Walk Two Moons Symbolism
By Olivia Dewarns
Throughout the novel Walk Two Moons, Sharon Creech uses symbolism to explain characters feelings, express who they are, and add more depth to the story.
One of the symbols Sharon Creech uses in the novel is blackberries. A time when she mentioned blackberries was when she remembered her mother picking blackberries. "We did not piclk from the bottom of the vine or from the top. The ones at the bottom were for the rabbits, my mother said, and the ones at the top were for the birds. The ones at people-height were for people." (Creech 33) Creech again uses blackberries during the time Sal's mother ate a blackberry then kissed a tree leaving a dark stain. "She took several quick steps up to the trunk of the maple, threw her arms around it and kissed that tree soundly." (Creech 122) Another time Ben gives Sal a chicken named Blackberry. "A perfect kiss, and Ben said, its name is Blackberry." (Creech 255) Blackberries represent love. Not only for each other but nature (animals, trees) and life too. Ben and Sal love each other and Ben expressed that love by giving her a chicken named Blackberry. When Sal and her mother picked blackberries they only picked from "people-height". Also they both kiss trees because they love them and are a big part of their lives. This is why blackberries symbolize love.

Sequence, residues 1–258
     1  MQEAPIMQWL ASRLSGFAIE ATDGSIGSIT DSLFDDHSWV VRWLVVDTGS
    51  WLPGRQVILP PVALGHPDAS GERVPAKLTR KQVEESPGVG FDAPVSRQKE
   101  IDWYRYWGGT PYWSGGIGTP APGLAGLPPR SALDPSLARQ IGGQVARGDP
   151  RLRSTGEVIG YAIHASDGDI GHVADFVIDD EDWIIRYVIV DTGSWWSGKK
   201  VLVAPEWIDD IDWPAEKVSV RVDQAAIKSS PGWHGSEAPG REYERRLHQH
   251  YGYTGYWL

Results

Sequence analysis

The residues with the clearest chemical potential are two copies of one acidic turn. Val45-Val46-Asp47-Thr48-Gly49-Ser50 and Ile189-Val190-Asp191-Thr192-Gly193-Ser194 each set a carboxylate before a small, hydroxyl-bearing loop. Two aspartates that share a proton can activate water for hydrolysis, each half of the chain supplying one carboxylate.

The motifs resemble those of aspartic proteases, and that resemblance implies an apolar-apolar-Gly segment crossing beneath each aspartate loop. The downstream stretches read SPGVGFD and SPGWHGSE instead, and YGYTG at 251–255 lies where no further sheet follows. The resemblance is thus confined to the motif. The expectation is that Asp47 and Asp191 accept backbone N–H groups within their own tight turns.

Another symbol Sharon Creech used in the novel is trees. One of the times she used this symbol Sal describes her mother and herself both having trees used in their names. "She wanted to be specific and use Sugar Maple Tree." (Creech 8) Another time Creech mentions trees is when Sal talks about a birdsong that comes from the trees. "Sometimes it sang, sometimes it did not, but from then on I always called it the singing tree." (Creech 100) Trees represent spirituality and identity. Sal's middle name involves trees. Also Sal can hear songs coming from trees. Sometimes she believes her mother is in the trees. This shows her spirituality and identity.